The first signs of autumn

Boy and mum looking at autumnal oak leaves through a magnifying glass
Look out for the first signs of autumn (Photo: Michael Heffernan/WTML)

Summer’s almost over and you’ll start to see signs of the approaching autumn appearing over the next few weeks. How many of these can you spot?


Fly agaric mushroom
Find fungi like fly agaric (Photo: WTML)

Autumn is prime time for fungi, especially if you’ve had a damp August. Look out for the typical, fairy tale red-and-white fly agaric, as well as white puffballs growing in grassy areas, dark purple amethyst deceivers popping up in shady woods and bracket fungi – such as the bright yellow chicken of the woods – growing out of tree trunks. Remember that some fungi are poisonous, so look but don’t touch!

Autumn leaves

Beech leaves turning brown
Keep your eyes peeled for turning leaves (Photo: Alan Southworth/WTML)

In summer, leaves produce lots of green-coloured chlorophyll, which helps them make sugary food from sunshine. Chlorophyll production slows down as winter approaches so you start to see the other coloured chemicals in the leaves, such as yellow carotenes. But if there’s still some food in a leaf, that turns into anthocyanins, which are red. This results in leaves changing colour.

The colour mix depends on the weather. If it’s cool and grey in August and September, the food in a leaf runs out quickly and you get more yellow leaves. If it’s warm and sunny, leaves produce food for longer and you get more red. What colour do you think the leaves will turn this autumn?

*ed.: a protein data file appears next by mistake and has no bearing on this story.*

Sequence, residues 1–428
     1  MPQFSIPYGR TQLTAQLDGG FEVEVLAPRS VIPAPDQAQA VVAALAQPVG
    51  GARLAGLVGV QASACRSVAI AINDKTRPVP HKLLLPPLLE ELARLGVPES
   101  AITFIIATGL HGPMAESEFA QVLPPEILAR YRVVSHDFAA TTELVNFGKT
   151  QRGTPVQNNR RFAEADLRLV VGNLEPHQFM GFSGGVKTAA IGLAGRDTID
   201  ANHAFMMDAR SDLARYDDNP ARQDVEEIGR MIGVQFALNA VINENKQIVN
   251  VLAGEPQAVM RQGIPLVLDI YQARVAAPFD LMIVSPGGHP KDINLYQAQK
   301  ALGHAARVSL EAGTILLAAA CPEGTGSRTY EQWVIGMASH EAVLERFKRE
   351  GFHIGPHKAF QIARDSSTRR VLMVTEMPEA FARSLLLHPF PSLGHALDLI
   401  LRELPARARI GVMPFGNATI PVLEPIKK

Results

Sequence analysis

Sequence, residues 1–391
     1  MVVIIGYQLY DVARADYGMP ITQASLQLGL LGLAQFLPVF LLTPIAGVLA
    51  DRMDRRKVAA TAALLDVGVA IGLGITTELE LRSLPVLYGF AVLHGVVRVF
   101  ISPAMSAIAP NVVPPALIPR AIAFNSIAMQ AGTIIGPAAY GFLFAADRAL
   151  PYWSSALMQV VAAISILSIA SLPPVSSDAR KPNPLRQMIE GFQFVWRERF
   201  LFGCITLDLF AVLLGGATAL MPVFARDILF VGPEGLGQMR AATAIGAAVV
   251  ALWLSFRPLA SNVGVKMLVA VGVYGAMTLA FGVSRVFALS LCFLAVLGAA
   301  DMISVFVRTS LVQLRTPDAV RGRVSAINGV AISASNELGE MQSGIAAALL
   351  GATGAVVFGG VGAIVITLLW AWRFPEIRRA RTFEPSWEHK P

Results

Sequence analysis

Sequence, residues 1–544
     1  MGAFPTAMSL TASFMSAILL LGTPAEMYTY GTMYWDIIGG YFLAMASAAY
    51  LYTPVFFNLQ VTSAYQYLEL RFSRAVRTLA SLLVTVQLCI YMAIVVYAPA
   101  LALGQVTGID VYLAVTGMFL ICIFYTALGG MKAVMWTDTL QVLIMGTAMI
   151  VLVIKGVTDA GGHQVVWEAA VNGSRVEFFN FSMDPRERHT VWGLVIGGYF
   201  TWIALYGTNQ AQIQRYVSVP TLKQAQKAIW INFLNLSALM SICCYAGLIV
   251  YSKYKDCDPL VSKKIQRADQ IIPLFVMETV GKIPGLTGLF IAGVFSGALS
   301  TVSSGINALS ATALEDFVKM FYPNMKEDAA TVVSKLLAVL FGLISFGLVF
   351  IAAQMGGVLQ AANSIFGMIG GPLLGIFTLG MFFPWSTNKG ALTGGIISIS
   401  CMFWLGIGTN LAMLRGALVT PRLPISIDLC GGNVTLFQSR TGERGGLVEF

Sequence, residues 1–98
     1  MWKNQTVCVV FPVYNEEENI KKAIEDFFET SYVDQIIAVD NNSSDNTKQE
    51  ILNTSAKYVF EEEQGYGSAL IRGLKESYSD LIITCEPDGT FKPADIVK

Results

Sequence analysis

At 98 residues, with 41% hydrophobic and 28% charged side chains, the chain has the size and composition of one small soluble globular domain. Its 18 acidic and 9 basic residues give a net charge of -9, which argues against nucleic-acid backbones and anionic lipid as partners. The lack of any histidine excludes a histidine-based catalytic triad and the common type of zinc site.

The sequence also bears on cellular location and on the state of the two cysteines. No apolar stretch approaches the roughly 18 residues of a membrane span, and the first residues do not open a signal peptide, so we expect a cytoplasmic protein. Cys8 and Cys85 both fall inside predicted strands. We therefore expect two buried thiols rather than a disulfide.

Migrating birds

Fieldfare on twig surrounded by autumn leaves
Birds like the fieldfare migrate here in autumn (Photo:

Many birds, including nightingales, cuckoos, swifts and swallows fly south to warmer climates for the winter. Look out for huge flocks of swallows lining up on telegraph wires ready for their 6,000 mile journey to South Africa – it will take them six weeks!

Others, such as redwings, fieldfares, waxwings and some types of duck and geese head to the UK from colder countries like Iceland and Scandinavia. Some like to snuggle up together at night as the weather gets cooler.

And watch out for murmurations of starlings wheeling through the sky as they head for their night roosts. It’s one of nature’s truly spectacular sights!

Ivy flowers

Bee on ivy flower
Ivy flowers are a good source of late food (Photo: Ben Lee/WTML)

Little yellow-green flowers appear on the dark green ivy trailing over trees, old buildings and garden walls at this time of year. Ivy is one of the few plants to flower in the autumn and its nectar and pollen are an important late-season food for insects such as bees and hoverflies. The berries will soon appear too and you’re likely to spot birds, such as thrushes, blackbirds and woodpigeons, feasting on them.

Fruits and seeds

Gleaming blackberries are a great snack (Photo: Margaret Barton/WTML)

Plants produce tasty fruits, such as blackberries, so animals and birds snack on them, and then poo the seeds out somewhere else. It’s a great way for plants to spread their seeds.

You can join in the feast by going foraging and making some of our scrumptious recipes. Remember to leave plenty of berries for wildlife though!

Field maple seeds
Spot helicopter seeds like these field maple whirling through the air (Photo: Ben Lee/WTML)

Plants spread their seeds in other ways too: look out for dried seed pods ready to explode; sticky seeds that get stuck to animal fur and your clothes; and helicopter seeds whirling in the breeze. Check out our blog which will help you identify fruits and seeds.

What signs of autumn have you spotted? Share your snaps on social media using #NatureDetectives.

And why not record them on our Nature's Calendar website? The information we collect from people all over the country will help us learn more about how the changing climate is affecting the seasons.

Spotted signs of autumn?

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